The problem is that such an approach does not scale, and the manual components introduce risk. The major goal of automated pipeline development and subsequent deployment to production is the ability to design and test scalable pipeline components prior to deployment, as well as supporting a continuous development deployment cycle. Agile processes are frequently used in this context.


When live-testing in a production environment, any bugs or issues that have been missed in the testing phase (or any environment-specific influences on the code) will result in a poor customer experience since these bugs or errors will be presented to the end-user. The best code promotion practice is to put in place automated processes that verify that the code works as expected in different scenarios.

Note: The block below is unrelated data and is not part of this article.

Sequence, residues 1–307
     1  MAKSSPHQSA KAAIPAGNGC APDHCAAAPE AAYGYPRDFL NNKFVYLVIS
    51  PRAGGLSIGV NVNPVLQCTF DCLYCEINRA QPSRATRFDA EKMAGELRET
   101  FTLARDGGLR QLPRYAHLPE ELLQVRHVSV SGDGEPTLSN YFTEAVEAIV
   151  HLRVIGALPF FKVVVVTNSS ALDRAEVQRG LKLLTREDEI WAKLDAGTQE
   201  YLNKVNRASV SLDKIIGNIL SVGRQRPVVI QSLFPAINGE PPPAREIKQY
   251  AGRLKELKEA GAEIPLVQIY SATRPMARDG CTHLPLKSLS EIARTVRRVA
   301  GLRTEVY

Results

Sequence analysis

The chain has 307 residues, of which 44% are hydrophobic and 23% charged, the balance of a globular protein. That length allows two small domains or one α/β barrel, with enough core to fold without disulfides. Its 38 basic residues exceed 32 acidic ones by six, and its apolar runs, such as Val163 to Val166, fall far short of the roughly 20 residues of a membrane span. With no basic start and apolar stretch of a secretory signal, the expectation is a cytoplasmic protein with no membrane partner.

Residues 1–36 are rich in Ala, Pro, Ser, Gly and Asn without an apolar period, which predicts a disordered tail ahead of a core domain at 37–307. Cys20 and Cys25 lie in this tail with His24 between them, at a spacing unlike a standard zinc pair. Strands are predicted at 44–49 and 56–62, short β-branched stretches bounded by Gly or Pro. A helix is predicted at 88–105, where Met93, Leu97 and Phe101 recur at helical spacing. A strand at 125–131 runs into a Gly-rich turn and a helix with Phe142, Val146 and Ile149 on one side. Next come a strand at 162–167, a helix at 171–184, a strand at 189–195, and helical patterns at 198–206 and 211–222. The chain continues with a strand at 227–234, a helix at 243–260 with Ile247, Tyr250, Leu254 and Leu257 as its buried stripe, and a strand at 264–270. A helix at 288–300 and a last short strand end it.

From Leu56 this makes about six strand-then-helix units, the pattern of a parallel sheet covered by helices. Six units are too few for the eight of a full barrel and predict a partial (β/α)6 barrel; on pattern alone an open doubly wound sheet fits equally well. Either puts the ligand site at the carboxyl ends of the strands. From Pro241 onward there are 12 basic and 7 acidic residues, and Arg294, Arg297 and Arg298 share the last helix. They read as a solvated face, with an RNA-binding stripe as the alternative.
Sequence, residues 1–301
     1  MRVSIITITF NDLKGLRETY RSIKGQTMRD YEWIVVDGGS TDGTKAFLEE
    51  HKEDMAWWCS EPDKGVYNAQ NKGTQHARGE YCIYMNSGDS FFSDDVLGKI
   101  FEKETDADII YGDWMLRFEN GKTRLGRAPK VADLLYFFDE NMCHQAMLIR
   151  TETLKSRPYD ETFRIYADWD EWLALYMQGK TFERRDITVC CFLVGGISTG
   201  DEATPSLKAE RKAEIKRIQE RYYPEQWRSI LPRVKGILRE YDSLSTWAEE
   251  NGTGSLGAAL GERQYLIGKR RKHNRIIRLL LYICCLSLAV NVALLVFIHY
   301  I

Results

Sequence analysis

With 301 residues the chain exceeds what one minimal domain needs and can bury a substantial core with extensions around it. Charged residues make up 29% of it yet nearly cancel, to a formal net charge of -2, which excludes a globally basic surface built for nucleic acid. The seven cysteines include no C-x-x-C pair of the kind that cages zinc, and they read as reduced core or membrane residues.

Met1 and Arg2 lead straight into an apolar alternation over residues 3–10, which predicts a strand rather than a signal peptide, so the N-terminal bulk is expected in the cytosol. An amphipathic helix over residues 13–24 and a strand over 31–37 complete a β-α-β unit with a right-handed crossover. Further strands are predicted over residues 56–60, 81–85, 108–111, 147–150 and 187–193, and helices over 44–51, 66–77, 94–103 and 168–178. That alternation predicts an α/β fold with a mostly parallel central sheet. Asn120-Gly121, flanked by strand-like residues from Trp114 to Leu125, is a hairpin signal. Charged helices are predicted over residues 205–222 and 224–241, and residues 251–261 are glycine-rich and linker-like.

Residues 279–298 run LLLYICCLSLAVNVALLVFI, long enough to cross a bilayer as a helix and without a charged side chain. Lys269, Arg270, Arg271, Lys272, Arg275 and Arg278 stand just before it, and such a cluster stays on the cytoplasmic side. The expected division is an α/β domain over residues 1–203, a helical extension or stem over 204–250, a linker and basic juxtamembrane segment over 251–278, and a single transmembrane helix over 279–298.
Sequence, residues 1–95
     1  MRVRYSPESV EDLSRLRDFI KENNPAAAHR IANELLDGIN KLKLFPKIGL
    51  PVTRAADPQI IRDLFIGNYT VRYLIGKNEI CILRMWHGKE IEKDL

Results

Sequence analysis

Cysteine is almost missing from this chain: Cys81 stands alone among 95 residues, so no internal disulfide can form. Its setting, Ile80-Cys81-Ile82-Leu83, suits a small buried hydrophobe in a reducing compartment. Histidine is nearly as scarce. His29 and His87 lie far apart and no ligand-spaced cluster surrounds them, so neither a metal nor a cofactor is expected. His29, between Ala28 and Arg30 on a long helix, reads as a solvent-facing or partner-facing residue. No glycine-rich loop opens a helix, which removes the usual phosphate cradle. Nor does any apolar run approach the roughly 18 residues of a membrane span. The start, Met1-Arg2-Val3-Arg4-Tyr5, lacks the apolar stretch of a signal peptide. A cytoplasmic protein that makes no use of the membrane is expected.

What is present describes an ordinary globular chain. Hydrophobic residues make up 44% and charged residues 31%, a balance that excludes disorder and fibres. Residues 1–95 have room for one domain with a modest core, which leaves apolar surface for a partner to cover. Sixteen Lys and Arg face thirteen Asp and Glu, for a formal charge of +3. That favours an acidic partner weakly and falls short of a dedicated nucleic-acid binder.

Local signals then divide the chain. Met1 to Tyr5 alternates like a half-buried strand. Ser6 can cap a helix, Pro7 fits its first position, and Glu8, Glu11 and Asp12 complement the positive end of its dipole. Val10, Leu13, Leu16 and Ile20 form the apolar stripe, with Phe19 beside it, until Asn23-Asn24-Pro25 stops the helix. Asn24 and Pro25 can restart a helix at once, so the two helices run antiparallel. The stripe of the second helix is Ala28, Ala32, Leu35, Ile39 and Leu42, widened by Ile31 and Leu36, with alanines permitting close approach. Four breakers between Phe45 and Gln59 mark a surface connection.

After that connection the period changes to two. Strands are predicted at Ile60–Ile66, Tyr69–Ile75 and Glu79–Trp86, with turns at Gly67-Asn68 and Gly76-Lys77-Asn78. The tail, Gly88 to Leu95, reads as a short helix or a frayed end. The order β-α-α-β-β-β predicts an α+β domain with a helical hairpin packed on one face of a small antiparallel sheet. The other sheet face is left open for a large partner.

This is frequently done with unit and integration tests. Unit testing verifies that individual pieces of code, given a set of inputs, produce expected outputs independently of the other code that uses that piece of code. This verification of logic within the individual piece of code is a value added by unit tests, as is the proof that the code executes as expected.

The level above unit testing is integration testing. This ensures that pieces of code work together and produce the expected output(s) for a given set of inputs. This is often the most critical layer of testing, as it ensures that systems integrate as expected with each other.

By combining unit testing and integration testing with modern deployment strategies such as blue-green deployments, the probability of negative impact to customers and business when new code is introduced is significantly reduced.